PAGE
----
The good news: They don’t think it came from a foreign military. The bad news: That’s … about all they can tell us. I just asked on Twitter whether it’s normal for U.S. air defense specialists to need a full day to figure out whether and why a ballistic missile was launched off the coast of Los Angeles.

The answer, via Danger Room: No, it’s not normal. Or at least, it shouldn’t be:

When someone makes an unannounced launch what looks to be a ballistic missile 35 miles from the nations second largest city (at sea in international waters), and 18 hours later NORAD still doesn’t have any answers at all – that complete lack of information represents a credible threat to national security. If NORAD can’t answer the first and last question, then I believe it is time to question every single penny of ballistic missile defense funding in the defense budget. NORTHCOM needs to start talking about what they do know, rather than leaving the focus on what they don’t know.

If this missile was launched at sea, was it launched from a ship or sub? If it wasn’t our ship or sub, then whose ship or sub was it? Did anyone cross-reference the launch with public AIS logs from the port of Los Angeles yet? How many dozens of times have we had someone give Congressional testimony regarding the scenario where a non-state actor launches a short ranged ballistic missile from a ship off the coast?

I raise that last point to note, if the mystery missile didn’t come from our military, you have to start looking for alternatives… and most of those alternatives are a threat to national security.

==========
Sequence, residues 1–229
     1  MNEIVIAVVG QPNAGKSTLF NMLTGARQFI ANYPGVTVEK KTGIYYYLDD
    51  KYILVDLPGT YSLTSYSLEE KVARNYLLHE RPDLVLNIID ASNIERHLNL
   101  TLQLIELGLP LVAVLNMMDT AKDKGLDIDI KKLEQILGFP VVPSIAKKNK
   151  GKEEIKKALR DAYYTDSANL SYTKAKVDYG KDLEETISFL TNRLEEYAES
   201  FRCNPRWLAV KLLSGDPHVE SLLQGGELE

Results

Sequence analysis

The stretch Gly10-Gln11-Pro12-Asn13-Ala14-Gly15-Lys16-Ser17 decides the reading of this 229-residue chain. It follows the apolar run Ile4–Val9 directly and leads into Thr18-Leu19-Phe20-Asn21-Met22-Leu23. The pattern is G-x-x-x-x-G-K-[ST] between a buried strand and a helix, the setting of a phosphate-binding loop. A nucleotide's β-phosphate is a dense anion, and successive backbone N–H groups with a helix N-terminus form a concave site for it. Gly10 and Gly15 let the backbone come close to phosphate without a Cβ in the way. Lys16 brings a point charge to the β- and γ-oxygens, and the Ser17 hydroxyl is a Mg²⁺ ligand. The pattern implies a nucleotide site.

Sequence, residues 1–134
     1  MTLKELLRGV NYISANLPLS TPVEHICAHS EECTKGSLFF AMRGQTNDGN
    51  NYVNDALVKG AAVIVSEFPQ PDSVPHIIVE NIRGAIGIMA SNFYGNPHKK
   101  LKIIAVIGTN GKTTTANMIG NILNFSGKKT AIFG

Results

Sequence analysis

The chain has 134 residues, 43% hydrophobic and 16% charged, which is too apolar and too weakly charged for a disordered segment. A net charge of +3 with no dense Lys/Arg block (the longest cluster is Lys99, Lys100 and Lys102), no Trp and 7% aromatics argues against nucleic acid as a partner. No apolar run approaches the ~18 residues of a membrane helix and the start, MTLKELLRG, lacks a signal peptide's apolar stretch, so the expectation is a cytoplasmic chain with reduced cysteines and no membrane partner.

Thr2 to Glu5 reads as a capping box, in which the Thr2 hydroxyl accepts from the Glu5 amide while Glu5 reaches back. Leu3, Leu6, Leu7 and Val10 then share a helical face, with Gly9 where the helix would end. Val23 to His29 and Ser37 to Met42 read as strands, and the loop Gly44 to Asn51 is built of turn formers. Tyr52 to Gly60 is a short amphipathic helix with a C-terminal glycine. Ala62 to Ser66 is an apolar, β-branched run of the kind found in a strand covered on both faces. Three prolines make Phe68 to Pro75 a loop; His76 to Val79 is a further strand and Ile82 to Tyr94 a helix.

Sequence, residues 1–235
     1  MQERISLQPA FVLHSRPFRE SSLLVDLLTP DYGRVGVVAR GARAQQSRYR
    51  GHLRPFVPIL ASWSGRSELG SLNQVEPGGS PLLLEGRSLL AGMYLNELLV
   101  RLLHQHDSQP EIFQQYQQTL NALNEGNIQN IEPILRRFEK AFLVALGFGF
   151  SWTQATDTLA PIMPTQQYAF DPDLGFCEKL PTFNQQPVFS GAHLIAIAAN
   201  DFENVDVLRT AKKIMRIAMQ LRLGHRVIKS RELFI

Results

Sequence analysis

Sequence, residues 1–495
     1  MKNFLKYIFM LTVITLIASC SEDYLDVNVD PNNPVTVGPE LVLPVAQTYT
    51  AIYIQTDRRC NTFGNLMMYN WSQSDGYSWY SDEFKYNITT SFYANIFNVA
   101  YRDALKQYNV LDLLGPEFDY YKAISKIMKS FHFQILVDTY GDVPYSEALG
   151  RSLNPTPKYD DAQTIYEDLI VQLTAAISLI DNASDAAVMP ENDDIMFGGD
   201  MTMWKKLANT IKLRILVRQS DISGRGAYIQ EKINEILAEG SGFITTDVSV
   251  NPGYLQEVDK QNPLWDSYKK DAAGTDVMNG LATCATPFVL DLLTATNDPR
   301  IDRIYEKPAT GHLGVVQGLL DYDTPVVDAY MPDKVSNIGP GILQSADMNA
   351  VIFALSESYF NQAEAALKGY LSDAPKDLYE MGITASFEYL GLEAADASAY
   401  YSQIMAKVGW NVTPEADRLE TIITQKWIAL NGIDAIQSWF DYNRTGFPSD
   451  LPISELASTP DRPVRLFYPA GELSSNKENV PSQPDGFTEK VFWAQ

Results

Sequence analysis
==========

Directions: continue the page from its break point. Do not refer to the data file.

Here’s a military expert on Fox News insisting that someone, whether at NORAD or elsewhere in the government, knows exactly what’s going on and at this point they’re simply trying to figure out a way to explain it to the public. On Twitter, John Noonan assures me that this couldn’t possibly have been an accidental launch from a sub since launches involve multiple sailors and intricate procedures. It would take more than someone hitting a button by accident.

Update: Patterico, who lives in L.A., thinks he saw the contrail last night:

I assumed it was an airplane contrail, with a bright orange trail leading into the sea somewhere north of Catalina.

What I found interesting, though, was that if you traced it back away from the sea towards land, it became a sort of ghostly translucent dark blue color. I had never seen a color like that before on a contrail and it got my attention.

Update: The experts say it’s a plane, but we’ve all seen planes overhead before and I’ve never seen a contrail like that. For what it’s worth.

But to GlobalSecurity.org director John Pike, there’s an easy explanation: “It is obviously an airplane.”

“The aircraft is flying towards the observer; the air over the Pacific is clear, so the contrail is visible all the way to the horizon. This creates the optical illusion of a rocket flying up, rather than the actual situation of an airplane flying horizontally,” Pike tells Danger Room. “The object generating the contrail is moving too slowly to be a rocket; the contrail is not expanding as the ‘rocket’ gains ‘altitude’ — which would be the case as the exhaust plume expanding into less dense high altitude air.”

MIT astronomer Jonathan McDowell tells New Scientist pretty much the same thing. Although he does note that the Navy owns a missile target and launch facility at nearby San Nicolas Island.